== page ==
War of the Rebellion: Serial 053 Page 0743 Chapter XLII. CORRESPONDENCE, ETC.-CONFEDERATE.

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the discontent. I am for the first time, I think, in my life, after serious reflection, unable to make up my mind as to the right, though I do not presume to say the conclusion was always wise.

Hill will be relieved. Who will take Polk's and his place is yet unknown. I would not be surprised if Buckner was promoted, and thus the discontent of the Army of Tennessee increased.

I tell you these Kentuckians understand getting along. The moment the battle is over, Preston nominates his colonels for brigades; Buckner, Preston for the division-the corollary that the commander must be a lieutenant-general.

Joe, I think I could be an intriguing politician; I see so clearly into their hands that I could go and do likewise if I did not prefer a quiet seat with self-respect to some other and less comfortable feeling. Pemberton is everything with Davis, the devout; his intelligence only equaled by his self-sacrifice to regard for others.

Have you any particular reasons for not writing to me? This is the fourth letter I have written since the great muss.

Your friend,

MACKALL.

HEADQUARTERS CAVALRY CORPS, Near Courtland, Ala., October 13, 1863.

Major General S. D. LEE,

Commanding Cavalry Corps:

GENERAL: I learn positively that General Roddey crossed the Tennessee River last Friday near Guntersville; I have not learned which route he took. I think it very possible if you should cross the river you might be able to form a junction with him. I fear General Roddey's position may be critical. I would give anything if I could cross the river immediately. I have not yet heard from General Bragg. I expect to hear to-night.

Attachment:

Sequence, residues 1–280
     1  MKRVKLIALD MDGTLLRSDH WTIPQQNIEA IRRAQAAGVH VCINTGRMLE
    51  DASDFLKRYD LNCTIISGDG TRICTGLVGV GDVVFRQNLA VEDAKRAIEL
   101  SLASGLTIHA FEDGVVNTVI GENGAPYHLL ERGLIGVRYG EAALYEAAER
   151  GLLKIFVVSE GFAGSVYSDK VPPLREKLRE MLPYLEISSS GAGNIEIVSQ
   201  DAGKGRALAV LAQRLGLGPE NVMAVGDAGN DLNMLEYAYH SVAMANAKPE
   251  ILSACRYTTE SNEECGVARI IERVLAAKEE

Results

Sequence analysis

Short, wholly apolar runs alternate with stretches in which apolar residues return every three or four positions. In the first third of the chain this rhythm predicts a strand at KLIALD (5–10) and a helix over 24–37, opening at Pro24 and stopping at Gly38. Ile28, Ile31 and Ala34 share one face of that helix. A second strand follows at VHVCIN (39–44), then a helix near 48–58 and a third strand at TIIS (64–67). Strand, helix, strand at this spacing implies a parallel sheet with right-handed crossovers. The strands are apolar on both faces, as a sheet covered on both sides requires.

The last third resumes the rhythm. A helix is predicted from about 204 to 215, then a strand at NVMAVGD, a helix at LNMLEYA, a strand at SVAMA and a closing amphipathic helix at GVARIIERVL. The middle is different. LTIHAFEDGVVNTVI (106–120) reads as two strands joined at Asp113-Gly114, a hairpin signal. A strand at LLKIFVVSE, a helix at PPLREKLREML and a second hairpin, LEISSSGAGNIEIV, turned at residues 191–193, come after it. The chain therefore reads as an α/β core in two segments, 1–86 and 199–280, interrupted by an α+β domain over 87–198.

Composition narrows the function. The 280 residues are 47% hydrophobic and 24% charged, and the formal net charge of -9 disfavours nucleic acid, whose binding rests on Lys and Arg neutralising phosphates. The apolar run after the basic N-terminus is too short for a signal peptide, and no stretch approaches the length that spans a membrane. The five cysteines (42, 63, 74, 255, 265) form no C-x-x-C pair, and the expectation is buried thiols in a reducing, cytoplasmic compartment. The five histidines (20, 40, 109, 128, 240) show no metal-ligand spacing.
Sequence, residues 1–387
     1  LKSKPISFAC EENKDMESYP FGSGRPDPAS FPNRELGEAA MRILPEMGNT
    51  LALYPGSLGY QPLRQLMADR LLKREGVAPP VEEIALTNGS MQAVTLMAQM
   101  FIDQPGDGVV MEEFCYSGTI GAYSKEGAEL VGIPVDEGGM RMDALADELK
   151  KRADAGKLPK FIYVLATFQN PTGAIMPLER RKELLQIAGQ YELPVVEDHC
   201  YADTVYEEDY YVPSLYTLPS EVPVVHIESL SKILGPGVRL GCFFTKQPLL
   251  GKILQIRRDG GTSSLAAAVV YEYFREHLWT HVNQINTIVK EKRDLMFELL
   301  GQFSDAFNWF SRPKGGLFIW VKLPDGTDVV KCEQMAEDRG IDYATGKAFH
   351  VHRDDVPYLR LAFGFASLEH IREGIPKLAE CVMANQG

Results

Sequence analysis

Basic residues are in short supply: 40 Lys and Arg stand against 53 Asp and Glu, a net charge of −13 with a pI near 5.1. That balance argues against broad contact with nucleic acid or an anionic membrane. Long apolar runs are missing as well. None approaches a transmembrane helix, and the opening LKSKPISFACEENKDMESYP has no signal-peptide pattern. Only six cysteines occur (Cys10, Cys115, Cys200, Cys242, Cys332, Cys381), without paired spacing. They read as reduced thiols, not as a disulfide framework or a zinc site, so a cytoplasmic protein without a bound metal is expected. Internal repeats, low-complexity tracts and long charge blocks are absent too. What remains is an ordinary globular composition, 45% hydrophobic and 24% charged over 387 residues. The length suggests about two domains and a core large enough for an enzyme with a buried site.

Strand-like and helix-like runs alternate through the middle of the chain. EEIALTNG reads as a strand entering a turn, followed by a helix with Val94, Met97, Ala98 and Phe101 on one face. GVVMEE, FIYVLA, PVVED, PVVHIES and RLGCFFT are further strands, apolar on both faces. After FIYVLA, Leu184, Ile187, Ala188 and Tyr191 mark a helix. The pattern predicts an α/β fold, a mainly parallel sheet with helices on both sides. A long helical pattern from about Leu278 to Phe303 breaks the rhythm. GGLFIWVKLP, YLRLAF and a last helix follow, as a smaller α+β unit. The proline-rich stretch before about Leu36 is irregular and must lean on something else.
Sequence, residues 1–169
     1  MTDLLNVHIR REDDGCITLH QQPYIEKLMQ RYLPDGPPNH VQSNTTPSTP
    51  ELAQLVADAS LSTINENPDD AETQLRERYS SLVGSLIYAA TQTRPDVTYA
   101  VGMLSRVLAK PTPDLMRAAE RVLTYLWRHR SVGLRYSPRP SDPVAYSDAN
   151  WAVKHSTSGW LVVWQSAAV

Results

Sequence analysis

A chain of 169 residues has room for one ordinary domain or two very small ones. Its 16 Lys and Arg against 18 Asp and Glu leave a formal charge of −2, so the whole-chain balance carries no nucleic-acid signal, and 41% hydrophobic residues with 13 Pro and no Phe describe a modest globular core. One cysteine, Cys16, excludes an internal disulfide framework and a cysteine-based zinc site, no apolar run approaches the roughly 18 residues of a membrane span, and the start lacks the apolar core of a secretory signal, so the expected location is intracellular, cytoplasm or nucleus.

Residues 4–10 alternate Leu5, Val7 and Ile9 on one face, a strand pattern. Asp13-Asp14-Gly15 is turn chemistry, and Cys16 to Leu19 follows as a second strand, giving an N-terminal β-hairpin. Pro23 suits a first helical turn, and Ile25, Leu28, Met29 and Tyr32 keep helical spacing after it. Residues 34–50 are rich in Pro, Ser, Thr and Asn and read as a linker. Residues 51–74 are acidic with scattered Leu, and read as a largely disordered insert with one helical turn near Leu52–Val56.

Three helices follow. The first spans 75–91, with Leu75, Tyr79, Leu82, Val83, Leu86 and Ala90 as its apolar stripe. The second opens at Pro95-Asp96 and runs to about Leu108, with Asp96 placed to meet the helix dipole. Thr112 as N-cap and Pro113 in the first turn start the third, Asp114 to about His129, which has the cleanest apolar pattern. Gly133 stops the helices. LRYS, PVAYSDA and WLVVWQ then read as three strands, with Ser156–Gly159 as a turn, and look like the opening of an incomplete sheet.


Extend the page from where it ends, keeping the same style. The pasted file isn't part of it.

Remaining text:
Very respectfully, your obedient servant,

JOS. WHEELER,

Major-General.

HEADQUARTERS CAVALRY CORPS, Near Courtland, Ala., October 13, 1863.

General STEPHEN D. LEE,

Commanding Cavalry Corps:

GENERAL: The enemy's cavalry which followed us to the river on our recent expedition, have, I learn, returned, some toward Pulaski and the remainder in other directions. I have sent out scouts to ascertain what direction they have taken and where they have gone. These scouts I sent out yesterday have not yet returned, and are probably following them some distance. I established a line of couriers to Mr. Foster's when I left you. I have not yet heard from General Bragg, but expect to hear some time this morning.

With great respect, your obedient servant,

JOS. WHEELER,

Major-General.